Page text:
10 Reasons to Adopt a Less-Adoptable Pet

Dog in shelter

Getty Images / Dan Brandenburg

Every third week in September, shelters, rescues, and veterinary clinics raise awareness during Adopt a Less-Adoptable Pet Week. It's an opportunity to recognize that even though certain pets are deemed “less-adoptable” because of their age, looks, or other factors, they deserve a loving home just as much as any other pet.

Petfinder.com classifies animals who spend 48 weeks or more on their website as “less adoptable.” The average amount of time pets spend on the website before they are adopted is 12.5 weeks. 

Less-adoptable pets have been overlooked by potential adopters time and time again, so if you’re thinking about adding a new pet to your family, here are 10 reasons you should adopt a “less-adoptable” pet:

  • 01 of 10

    They’ve Probably Spent More Time in the Shelter

    Shelters aren’t designed to permanently lodge animals. While rescue organizations have great staff and volunteers who care for the pets who come through their doors, they can’t compare to the individualized love and care of a permanent home. Most pets who are deemed less adoptable have spent a longer-than-average amount of time at the shelter. You can be the one to show them what a permanent, comfortable home and family is like. 

  • 02 of 10

    Less Adoptable Pets Love as Much as Puppies or Purebreds

    Puppies and purebreds often get adopted quickly, but when it comes to giving and receiving love, they’re no different from less-adoptable pets. Most pets, especially those that are taken home from a shelter, are eager to spend time playing, cuddling, and warming up to their new family—and a less-adoptable pet might have even more love to give after spending a longer period of time in a shelter.

  • 03 of 10

    It’s What’s on the Inside That Counts

    One of the reasons a pet might be less adoptable is their looks. Black dogs and cats tend to be overlooked, as well as pit bulls and other breeds stereotyped as “aggressive.” It’s important to get to know the individual dog or cat for their personality, not their looks or breed reputation. You shouldn’t judge a book by its cover.

  • 04 of 10

    They Need a Loving Home After a Difficult Past

    The physical, behavioral, or medical reasons that a pet hasn’t been adopted yet may be a result of a traumatic or difficult past. These pets are the ones who need safe, loving homes the most!

    Continue to 5 of 10 below.
  • 05 of 10

    Shelter Overcrowding Is a Big Problem

    Shelters only have so much space, and when less-adoptable dogs and cats stick around for a while, they take up some of that space. Shelter overcrowding and limited space reduces the number of animals a shelter can take in, which can impact the lives of other animals in need.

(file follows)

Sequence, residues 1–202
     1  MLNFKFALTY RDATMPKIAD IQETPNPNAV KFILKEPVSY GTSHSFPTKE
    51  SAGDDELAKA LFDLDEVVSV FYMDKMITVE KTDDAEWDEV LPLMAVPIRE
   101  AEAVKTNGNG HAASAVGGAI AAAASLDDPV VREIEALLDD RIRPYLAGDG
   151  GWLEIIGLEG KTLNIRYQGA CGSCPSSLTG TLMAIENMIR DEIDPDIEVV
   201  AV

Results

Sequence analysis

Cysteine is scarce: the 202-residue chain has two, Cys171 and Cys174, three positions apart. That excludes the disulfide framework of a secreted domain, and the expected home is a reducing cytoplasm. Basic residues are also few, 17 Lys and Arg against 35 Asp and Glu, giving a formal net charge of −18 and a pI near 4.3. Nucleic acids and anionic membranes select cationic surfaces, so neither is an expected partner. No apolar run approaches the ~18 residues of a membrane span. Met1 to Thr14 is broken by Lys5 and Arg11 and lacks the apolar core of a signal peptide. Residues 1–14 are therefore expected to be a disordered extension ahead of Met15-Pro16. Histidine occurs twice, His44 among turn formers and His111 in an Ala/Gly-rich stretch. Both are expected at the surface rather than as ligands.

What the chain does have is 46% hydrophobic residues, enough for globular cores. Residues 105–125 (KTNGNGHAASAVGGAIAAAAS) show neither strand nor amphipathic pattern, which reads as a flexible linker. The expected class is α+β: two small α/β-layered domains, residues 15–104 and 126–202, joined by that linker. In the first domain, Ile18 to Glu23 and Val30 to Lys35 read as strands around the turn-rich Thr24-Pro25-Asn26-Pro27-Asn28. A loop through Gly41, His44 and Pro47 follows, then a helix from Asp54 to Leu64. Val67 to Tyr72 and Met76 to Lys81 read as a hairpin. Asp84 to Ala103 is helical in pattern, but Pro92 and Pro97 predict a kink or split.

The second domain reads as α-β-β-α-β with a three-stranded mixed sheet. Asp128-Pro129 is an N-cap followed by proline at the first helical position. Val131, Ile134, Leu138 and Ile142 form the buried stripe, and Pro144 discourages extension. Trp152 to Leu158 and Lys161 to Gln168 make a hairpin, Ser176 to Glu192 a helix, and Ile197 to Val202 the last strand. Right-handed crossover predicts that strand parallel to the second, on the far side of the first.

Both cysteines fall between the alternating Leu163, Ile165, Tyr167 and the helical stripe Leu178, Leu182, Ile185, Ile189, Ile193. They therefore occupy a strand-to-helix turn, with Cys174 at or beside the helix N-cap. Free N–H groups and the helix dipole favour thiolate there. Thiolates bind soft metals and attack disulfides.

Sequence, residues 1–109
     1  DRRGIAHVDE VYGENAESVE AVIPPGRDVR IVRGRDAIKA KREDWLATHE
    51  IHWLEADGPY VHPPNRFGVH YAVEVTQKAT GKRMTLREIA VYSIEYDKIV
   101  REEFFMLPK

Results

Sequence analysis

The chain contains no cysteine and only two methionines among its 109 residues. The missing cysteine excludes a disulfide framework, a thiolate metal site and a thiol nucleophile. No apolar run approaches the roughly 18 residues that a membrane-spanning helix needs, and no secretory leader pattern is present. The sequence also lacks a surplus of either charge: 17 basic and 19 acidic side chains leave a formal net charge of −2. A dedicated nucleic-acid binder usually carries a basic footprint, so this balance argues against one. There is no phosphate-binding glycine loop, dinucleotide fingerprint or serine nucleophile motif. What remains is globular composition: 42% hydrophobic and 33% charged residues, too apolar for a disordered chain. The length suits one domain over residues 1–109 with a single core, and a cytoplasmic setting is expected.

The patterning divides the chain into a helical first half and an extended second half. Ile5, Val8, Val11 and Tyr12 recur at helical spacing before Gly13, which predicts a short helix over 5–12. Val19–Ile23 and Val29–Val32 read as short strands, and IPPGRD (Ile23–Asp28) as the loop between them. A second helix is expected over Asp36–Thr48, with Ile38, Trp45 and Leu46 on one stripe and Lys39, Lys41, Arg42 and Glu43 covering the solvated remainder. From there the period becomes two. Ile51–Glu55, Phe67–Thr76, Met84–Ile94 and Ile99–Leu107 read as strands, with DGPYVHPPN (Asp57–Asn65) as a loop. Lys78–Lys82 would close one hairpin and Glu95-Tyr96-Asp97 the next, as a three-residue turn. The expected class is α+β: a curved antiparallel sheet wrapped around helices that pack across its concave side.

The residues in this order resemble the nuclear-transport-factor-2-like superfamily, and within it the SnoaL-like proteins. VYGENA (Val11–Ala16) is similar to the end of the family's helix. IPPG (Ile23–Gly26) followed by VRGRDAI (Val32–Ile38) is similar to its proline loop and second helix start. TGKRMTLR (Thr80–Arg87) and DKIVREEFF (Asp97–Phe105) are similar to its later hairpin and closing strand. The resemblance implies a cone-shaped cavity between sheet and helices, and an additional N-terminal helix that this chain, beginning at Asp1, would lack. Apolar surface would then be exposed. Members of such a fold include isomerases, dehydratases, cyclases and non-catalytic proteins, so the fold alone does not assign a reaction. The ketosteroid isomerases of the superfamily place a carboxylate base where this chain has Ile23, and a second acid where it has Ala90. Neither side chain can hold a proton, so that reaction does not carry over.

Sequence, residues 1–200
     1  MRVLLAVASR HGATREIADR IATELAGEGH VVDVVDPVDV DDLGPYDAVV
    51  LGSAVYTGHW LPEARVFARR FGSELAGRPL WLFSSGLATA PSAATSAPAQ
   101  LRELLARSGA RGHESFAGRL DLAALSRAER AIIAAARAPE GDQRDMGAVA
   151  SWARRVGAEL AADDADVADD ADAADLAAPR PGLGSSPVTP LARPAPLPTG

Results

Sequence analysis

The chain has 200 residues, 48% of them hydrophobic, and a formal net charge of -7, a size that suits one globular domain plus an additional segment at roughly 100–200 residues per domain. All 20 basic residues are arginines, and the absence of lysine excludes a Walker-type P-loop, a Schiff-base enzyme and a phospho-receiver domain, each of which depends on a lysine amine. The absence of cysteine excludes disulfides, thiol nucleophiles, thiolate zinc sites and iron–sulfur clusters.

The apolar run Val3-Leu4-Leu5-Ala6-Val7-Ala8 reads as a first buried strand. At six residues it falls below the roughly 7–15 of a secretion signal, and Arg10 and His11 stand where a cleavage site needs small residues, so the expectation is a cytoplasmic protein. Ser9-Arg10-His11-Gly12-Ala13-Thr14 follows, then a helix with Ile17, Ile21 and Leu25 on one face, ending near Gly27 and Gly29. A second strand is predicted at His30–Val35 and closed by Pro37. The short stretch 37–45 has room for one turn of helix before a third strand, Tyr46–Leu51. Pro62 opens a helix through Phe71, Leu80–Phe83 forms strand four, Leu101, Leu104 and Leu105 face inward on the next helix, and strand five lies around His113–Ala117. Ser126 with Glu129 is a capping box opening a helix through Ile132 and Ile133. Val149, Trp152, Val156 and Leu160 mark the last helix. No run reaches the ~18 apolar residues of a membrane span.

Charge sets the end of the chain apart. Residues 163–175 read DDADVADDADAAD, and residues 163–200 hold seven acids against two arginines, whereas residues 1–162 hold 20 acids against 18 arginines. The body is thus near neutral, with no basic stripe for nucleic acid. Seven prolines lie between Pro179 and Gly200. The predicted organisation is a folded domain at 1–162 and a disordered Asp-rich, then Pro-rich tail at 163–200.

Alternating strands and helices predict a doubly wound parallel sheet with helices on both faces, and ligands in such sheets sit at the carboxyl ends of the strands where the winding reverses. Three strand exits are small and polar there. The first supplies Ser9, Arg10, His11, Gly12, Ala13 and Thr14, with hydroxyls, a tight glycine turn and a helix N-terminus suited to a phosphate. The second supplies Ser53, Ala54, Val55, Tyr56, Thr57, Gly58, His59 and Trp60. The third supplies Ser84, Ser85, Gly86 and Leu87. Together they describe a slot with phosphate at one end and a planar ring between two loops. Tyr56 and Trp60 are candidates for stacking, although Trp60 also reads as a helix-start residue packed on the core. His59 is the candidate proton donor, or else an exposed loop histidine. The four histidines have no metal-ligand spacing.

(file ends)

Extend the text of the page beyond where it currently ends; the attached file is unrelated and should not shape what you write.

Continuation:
• 06 of 10

    You Can Learn About a New Breed

    Taking home a pet that's been overlooked is an opportunity to learn about a new breed. Different breeds have different instincts—like herding, pointing, or swimming—that can be fun to experience. You may end up with a dog who is more affectionate, active, or athletic than you’re used to. You also may get an opportunity to form your own opinion about a breed that has been unfairly stereotyped. It can be interesting to learn about mixed breed pets as well—you can even do a dog DNA test to see what characteristics of their ancestry they display. 

  • 07 of 10

    Your Family or Lifestyle Might Be a Good Fit

    Less-adoptable pets sometimes have behavioral or medical needs that require special attention, but if your lifestyle or family allows you to fulfill those needs, you could be the perfect home. Maybe you live alone and are well-suited to take home a dog or cat who doesn’t do well with other people or animals. Maybe you have a big family who is ready to share responsibilities taking care of a high-energy or needy dog. Maybe you’re an empty nester with the space to welcome a bonded pair. Certain circumstances may make your home the perfect fit for a less-adoptable pet with special needs.

  • 08 of 10

    Adoption Fees Might Be Waived

    Sometimes shelters waive the adoption fees for less-adoptable pets to appeal to potential adopters. Compared to the prices at some breeders, it’s not a bad selling point!

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  • 09 of 10

    The Pet Might Already Have Some Training

    Everyone knows how hard it is to potty train a puppy or teach them to walk on a leash or obey cues. Less-adoptable pets are often older, meaning they may already be house trained or have some obedience training.

  • 10 of 10

    Adopting Is Simply Great

    It may be tempting to go to a breeder for the exact kind of dog or cat you want, but adopting has many, many benefits. You’ll provide a home for a pet in need, you’ll spend less money, and you’ll do your part to stop commercial breeding. You may even save more than one life because adopting from a shelter or rescue organization opens up space for the shelter to rescue another animal. 

If you’re in the market for a new furry friend, be sure to think about adopting a pet that’s been deemed less than perfect. They might just end up being the perfect companion for you.